7 Ways FFA Helped Me Find My Future Career
When I entered my first ag class my freshman year of high school, FFA had me hooked.
Throughout the next four years I found myself at every event I could possibly attend. Ice-breaker, career development events, COLT conference, national convention; you name it, I was there. As I attended state leadership conference at the end of my freshman year, I realized this organization was going to have a huge impact on my life, but what I didn’t know was just how much of an impact.
Fast forward four years and I have served a year as an Arizona FFA State Officer and am now attending Angelo State University but not as an ag major. My major here is Kinesiology in hopes of eventually becoming an occupational therapist. You are probably wondering How in the world did FFA lead her to pursue a career in Kinesiology? So let me share with you just how largely the FFA influenced me
1. FFA Gave Me Professional Skills I Can Use Anywhere
Throughout my time in the FFA, I spent many hours writing resumes, completing applications, and speaking both publicly and face-to-face. With these skills, I am prepared me to enter any field. Trust me communication skills are always needed.
In fact, just one of my professors was recently discussing how many college graduates lack communication skills. I can’t help but think how thankful I am for the solid communication skills I gained through the FFA
2. I Saw First Hand the Importance of Serving Others
I’ll be honest, at the time I was not a fan of having to do all the service projects. However, the impact we made on our state, community, and even nation taught me more than I imagined. I saw agriculturists passionate about their work as they affected millions of lives every day. I know even in a non-ag career, if the basis of my work is serving and truly helping those I work with, I will be successful. FFA gave me a heart of service that will serve me the rest of my life.
3. FFA Taught Me that I have Options Wherever I Go
Throughout my time in the FFA, I competed in many different Career Development Events. CDE’s range from public speaking to agronomy, and from ag sales to ag mechanics. While I had no idea at the time, I now see these options showed me there is so much opportunity to be great leaders in agriculture or any other industry you choose.
4. I Found my True Strengths and Talents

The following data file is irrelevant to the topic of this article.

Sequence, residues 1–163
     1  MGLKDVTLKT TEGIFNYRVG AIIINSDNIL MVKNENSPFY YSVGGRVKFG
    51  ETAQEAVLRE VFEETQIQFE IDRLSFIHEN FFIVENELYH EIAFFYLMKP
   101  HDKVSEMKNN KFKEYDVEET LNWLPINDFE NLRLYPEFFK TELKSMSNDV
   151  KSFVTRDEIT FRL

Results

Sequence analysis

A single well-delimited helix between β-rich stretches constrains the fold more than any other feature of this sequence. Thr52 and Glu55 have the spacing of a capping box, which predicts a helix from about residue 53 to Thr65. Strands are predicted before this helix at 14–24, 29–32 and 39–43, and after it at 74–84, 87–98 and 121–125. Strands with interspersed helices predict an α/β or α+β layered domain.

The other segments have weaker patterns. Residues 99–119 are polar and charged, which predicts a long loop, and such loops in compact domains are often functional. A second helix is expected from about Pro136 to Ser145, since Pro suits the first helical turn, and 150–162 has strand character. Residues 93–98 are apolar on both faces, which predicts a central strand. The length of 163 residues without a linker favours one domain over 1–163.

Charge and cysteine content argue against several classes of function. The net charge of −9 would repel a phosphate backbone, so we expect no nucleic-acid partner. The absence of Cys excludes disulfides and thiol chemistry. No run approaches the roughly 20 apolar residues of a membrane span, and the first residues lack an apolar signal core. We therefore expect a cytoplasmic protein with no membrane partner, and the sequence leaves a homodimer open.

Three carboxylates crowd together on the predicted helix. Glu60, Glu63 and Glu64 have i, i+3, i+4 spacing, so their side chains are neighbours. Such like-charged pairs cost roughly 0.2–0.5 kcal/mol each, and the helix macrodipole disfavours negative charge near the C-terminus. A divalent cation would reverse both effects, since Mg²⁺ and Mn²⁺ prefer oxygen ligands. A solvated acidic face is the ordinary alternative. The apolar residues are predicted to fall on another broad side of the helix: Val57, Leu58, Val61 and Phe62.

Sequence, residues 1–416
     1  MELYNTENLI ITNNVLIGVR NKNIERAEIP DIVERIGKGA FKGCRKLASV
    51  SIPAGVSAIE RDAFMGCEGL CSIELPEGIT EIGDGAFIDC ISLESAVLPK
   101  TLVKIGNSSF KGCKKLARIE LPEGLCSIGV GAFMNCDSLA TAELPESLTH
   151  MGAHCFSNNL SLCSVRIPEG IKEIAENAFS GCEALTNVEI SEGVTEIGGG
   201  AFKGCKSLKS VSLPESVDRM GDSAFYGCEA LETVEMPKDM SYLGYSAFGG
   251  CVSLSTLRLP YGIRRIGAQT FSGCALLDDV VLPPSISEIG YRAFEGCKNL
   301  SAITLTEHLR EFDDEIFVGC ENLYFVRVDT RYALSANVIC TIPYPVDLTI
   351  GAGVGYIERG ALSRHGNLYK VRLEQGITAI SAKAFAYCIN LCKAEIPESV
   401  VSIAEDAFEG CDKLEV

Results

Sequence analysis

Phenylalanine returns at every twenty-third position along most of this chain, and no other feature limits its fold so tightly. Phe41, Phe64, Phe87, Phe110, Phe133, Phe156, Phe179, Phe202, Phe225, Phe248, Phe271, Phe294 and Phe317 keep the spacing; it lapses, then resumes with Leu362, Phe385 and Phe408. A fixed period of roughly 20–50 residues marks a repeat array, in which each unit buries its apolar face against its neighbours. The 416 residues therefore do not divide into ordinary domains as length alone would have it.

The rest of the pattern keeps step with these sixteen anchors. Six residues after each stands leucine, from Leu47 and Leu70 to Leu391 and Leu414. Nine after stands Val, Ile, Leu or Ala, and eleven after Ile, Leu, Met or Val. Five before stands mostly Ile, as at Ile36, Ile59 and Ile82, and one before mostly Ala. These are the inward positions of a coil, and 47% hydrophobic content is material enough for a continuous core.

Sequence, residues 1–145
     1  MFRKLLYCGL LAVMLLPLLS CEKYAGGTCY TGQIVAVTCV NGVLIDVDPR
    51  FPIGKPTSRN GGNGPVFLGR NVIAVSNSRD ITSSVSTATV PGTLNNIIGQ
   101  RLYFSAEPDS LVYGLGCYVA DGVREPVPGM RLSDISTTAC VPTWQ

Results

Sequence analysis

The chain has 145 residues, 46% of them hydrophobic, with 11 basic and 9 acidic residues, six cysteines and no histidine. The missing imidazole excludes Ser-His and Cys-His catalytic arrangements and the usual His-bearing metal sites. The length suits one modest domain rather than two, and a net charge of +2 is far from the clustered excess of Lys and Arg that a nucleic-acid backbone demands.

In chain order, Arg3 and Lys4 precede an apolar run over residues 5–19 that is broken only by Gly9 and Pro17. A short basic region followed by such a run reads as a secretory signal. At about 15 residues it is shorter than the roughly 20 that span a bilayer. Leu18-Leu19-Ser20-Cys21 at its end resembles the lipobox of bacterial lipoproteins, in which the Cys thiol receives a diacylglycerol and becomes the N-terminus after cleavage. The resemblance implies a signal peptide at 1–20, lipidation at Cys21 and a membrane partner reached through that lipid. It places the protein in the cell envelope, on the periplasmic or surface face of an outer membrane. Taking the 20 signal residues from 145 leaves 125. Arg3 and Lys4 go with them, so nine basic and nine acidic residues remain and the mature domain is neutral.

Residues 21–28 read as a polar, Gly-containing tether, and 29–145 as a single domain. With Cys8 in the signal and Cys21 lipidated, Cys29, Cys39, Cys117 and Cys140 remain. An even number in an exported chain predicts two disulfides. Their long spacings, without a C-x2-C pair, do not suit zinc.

I had the opportunity to try so many things within the FFA, that as time went on I was able to truly narrow what I loved to do. Recognizing these strengths helped me to find the direction I needed to take to use my talents. While the career I am pursuing is not in the agricultural industry, I owe a huge thanks to the FFA for showing me what I love.
5. FFA Taught me the Importance of Relationships
My best friends to this day I met through FFA. One of my favorite things about FFA was meeting so many people. I also met many government and agricultural leaders who I was able to learn so much from. I would definitely not be on the path i’m on without learning the importance of these connections.
6. I Learned the Value in Diversity
I have seen diversity in so many areas; people, crops, values, land, etc. At first it was difficult to see the value in diversity, but as time progressed I saw that not only is there value, but there is also necessity in diversity. As an occupational therapist I will have the opportunity to work with different people.. I am excited to be able to help them through whatever they may be going through.
7. FFA Taught me to be Proud of Myself
While humility is very important, FFA showed me having a sense of pride is equally important. When you take pride in what you do, it gives you this confidence to do what you really want and to do it well. It was scary for me to switch my major from ag, but as I glanced up at my wall filled with plaques and pictures I remembered that I had limitless opportunities and I could accomplish anything that I so desired. I am proud to have been a part of such a great organization. I am excited to continue to serve the agriculture industry maybe not in the most traditional way, but definitely still serving.